Fourth day of sampling at Yellowstone National Park
"Grizzly Encounter!"

-July 2013-

Thursday yielded another fun set of adventures in Yellowstone! Kirsten and I joined up with Arizona State University students to go sample a remote site, Obsidian Pool, near Mud Volcano (a popular spot for Yellowstone visitors).  Park policy is such that scientists cannot sample from the visitor boardwalk, or anywhere visible from the boardwalk. After all, approaching a hydrothermal spring for sampling is not to be taken lightly. Often, springs are undercut and so approaching them must be done with extreme care.  Our path took us up the boardwalk, from which we would cut out into the forest for a 30 minute hike to Obsidian. However, a bison was obstructing the boardwalk! Bison, in addition to being gorgeous animals, can be very dangerous, particularly lone males like this one. We could not pass. We thus took a detour and entered the forest early.

A Lone Bison bull near the boardwalk at Mud Volcano, Yellowstone National Park. Can't get closer!

A boiling mud pot at the Obsidian Pool area. The Grizzly appeared right to the right of the
hill on the top left of the photo

We exited the forest by a clearing, and looked for bears. This is grizzly territory. The rule is simple, we see a bear; we leave. No sample is worth the risk.  We finally reached the Obsidian Pool area. As the ASU researchers prepared their equipment, Kirsten and I took a radio over the small hill to scout out the sampling area.

Then came the call: “Hey you guys over the hill, please regroup, we have a grizzly”. Yikes! Thankfully, we were not far and hurried back, bear spray in hand. We regrouped and 600 feet away, right where we had exited the forest not 15 minutes earlier, was the grizzly. Were we tracked? A decent sized pond separated us from it, but it was still an unnerving sight. We couldn’t go back the way we came! Luckily, there was a cut in the forest for telephone poles, so we decided to head that way toward the road, clapping, hooting, singing and generally making as many scary noises as possible.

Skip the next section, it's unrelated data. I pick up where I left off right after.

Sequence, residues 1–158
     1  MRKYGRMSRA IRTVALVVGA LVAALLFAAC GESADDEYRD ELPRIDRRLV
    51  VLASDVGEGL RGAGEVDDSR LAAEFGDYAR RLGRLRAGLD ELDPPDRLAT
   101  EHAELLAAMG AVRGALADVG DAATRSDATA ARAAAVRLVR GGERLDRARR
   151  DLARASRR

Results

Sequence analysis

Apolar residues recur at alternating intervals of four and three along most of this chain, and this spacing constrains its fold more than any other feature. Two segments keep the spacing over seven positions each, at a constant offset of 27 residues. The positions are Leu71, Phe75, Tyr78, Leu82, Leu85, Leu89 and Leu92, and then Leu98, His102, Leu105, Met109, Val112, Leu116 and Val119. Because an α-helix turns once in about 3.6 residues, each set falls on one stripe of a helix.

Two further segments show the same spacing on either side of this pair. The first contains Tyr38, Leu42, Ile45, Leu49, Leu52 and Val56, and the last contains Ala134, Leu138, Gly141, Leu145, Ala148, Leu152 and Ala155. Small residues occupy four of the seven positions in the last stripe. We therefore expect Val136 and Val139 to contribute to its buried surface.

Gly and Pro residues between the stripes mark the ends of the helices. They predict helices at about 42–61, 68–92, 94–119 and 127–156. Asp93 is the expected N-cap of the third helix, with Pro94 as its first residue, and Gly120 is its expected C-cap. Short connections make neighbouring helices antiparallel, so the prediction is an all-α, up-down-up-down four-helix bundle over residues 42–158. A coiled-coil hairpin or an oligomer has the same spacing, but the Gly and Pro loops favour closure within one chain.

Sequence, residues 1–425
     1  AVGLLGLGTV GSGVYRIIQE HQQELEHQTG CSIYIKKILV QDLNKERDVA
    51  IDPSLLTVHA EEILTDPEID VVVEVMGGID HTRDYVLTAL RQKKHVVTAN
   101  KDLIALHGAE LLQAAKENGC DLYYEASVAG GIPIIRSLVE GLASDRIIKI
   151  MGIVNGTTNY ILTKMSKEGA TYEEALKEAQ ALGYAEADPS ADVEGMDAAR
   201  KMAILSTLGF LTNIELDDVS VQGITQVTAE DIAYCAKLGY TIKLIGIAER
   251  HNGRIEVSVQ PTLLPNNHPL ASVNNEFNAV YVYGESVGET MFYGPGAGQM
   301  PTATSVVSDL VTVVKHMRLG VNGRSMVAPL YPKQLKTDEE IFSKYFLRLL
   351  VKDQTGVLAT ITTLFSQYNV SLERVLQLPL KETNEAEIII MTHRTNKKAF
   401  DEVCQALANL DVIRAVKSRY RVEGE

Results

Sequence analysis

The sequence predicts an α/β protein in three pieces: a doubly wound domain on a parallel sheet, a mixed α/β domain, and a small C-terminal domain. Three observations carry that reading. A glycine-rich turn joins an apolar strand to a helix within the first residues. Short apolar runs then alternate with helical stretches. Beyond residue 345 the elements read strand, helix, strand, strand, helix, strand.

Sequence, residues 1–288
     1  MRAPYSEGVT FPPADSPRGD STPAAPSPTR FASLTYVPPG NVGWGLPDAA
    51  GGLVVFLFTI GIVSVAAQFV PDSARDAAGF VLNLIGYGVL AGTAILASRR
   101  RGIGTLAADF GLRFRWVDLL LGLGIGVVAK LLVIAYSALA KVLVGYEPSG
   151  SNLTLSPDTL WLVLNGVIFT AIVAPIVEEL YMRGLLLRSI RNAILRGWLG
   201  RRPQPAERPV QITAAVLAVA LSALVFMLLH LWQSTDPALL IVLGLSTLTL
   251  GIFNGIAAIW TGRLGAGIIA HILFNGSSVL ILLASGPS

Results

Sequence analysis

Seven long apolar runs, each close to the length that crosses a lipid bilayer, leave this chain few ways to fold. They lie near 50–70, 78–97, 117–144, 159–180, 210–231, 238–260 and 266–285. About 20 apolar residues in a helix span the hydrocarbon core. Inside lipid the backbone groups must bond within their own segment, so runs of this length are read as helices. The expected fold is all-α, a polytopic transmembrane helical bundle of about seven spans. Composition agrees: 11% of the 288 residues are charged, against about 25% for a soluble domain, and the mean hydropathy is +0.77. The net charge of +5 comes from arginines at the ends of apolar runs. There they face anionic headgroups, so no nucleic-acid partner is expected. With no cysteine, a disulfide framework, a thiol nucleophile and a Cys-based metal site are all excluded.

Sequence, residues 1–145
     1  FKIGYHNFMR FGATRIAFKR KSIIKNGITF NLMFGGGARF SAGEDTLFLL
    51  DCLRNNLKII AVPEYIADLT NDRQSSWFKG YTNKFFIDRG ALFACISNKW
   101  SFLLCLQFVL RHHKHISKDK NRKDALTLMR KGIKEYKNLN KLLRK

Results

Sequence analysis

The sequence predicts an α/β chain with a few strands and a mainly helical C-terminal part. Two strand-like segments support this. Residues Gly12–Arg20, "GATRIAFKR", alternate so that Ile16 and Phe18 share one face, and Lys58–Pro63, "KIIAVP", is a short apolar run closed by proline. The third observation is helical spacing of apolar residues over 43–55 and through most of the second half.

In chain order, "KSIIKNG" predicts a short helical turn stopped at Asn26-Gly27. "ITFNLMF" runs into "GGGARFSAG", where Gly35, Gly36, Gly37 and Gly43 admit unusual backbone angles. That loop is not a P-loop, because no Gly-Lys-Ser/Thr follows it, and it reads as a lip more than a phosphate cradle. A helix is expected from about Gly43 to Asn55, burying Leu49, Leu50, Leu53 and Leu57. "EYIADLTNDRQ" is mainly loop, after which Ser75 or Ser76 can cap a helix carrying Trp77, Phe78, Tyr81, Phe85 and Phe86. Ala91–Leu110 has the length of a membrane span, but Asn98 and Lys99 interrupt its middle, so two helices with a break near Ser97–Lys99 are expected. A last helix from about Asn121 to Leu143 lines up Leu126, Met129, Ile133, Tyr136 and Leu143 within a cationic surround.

As we followed the narrow stretch of forest, we suddenly heard a large “craaaack” coming from the trees. Safety in numbers! We grouped together closely, again clutching our bear spray. Suffering from bear-anoia, we feared that what was probably (hopefully!) just a branch snapping was actually our bear stalking us. We spotted the road and loudly exited the forest. No samples, but wow! A grizzly!

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